Brand production Brand protection is another area where the world of security printing is intruding into packaging production, but here the economic case comes to the fore.
In brand protection, the obvious goal is that the security element can be used to prove that the product is legitimate. However this may not always be the prime driver. A very common reason to add it is to ensure that a genuine product ends up in the right country. An invisible traceable code might be added to a product by a producer who operates a different price scheme in different countries. The goal is to ensure that the distribution network is not cheating by shipping products from their destination country to one where the product can demand a higher price.
Because this protection is not driven by government regulations, then the cost of the system becomes far more important. In the past it was generally applied only to high value products such as computers, software, mobile
phones or perfume. Recently however, the garment industry is waking up to the need. It is reported that worldwide 10% of such goods may be fake, with the cost of counterfeiting in the garment industry estimated at $1.2 trillion.
While this figure would pay for a reasonable number of covert inkjet printers, it is important to remember that the print equipment cost is
a small part of the whole. To work out where a fake product entered the chain may require an entire track-and-trace system, monitoring every
step from the factory to the customer, with the print being scanned, recorded and reported throughout. Our experience is that it is the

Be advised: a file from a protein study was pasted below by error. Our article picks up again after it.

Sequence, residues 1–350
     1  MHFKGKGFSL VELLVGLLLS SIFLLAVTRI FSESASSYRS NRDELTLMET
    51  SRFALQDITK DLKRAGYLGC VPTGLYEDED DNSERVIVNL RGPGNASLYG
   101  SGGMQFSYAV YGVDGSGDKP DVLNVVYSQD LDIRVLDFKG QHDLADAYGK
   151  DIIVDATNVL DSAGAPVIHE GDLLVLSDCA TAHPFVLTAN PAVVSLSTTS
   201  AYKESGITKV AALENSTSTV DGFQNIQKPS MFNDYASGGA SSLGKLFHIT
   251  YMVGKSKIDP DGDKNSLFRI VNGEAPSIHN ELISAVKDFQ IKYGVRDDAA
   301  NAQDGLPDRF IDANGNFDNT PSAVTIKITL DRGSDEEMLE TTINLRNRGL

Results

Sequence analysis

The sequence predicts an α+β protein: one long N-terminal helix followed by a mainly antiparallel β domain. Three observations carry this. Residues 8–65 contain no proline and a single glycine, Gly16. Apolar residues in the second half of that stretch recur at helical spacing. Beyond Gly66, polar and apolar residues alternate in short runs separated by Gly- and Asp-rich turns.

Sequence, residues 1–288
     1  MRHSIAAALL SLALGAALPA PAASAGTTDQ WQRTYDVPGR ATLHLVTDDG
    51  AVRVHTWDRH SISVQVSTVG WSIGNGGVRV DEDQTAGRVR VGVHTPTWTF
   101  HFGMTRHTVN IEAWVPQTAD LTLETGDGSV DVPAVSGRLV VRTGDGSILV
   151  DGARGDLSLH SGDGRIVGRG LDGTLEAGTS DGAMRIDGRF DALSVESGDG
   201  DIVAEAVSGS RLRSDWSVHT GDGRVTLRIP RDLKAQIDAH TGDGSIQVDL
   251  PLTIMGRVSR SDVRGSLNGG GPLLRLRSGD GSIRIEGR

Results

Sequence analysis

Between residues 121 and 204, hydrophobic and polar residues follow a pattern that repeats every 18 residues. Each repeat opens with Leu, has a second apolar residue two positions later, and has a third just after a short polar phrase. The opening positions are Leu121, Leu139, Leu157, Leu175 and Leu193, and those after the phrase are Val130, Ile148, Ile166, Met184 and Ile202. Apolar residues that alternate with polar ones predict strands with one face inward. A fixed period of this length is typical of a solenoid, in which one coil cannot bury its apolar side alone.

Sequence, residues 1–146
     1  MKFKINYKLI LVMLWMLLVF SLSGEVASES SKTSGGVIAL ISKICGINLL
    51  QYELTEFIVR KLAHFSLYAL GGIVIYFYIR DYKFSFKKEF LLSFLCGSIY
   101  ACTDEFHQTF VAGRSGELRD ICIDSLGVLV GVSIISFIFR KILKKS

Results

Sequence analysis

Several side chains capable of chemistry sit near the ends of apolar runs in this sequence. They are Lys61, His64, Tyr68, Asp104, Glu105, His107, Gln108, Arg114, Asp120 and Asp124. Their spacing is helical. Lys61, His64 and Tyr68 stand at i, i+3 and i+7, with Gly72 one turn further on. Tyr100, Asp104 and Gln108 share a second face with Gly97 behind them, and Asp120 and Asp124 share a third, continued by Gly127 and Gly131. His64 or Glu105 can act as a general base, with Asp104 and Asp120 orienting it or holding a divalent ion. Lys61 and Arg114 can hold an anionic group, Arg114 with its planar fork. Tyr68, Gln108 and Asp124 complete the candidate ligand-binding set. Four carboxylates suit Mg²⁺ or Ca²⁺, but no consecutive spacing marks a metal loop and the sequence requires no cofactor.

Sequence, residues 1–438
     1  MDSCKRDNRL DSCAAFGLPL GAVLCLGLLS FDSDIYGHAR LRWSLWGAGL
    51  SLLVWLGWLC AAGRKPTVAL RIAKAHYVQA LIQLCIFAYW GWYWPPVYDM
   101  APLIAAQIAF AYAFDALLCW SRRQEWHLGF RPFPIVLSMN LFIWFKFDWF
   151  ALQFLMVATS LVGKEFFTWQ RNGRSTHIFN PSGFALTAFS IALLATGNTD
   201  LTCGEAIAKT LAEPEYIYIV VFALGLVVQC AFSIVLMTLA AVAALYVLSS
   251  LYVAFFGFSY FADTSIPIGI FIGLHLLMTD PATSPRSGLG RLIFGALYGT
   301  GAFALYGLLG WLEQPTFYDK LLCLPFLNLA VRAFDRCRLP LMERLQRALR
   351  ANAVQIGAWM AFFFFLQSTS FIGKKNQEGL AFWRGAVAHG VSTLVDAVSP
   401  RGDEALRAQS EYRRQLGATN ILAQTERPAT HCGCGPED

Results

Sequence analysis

realisation of the extent of this system, rather than the cost of print equipment or covert ink, that usually kills many proposed projects.
A less common third reason to add security print to packaging is gamification. A unique barcode is added to your breakfast juice carton.
Scan it with your mobile phone and you can win a cash prize. This application is about promotion rather than brand protection. For the
brand owner, it is a less costly exercise since there is no need for a track-and-trace system.
A single website provides verification of the barcode data and issues the prize. This example serves very well to explain a change in mindset that is
required of any packaging producer starting to offer security print features.
When IIJ first installed such a system in 2016, it took quite some time to
explain to the manufacturer that each printed carton now had real potential value. It is no longer acceptable that an operator can walk off with a waste carton, or indeed that scrap or reject products can be disposed of without first scanning the code and cancelling it from the database. What was previously an open factory floor now needed segregating as the addition of printed security features adds value to the packaging –
sometimes significant value.
The technology to do far more than simple barcodes exists and is in use in
Governments are gradually increasing regulatory demands and brand owners are keen to prevent fraud and protect their margins. Security printing and packaging are on a collision course but the impact is manageable.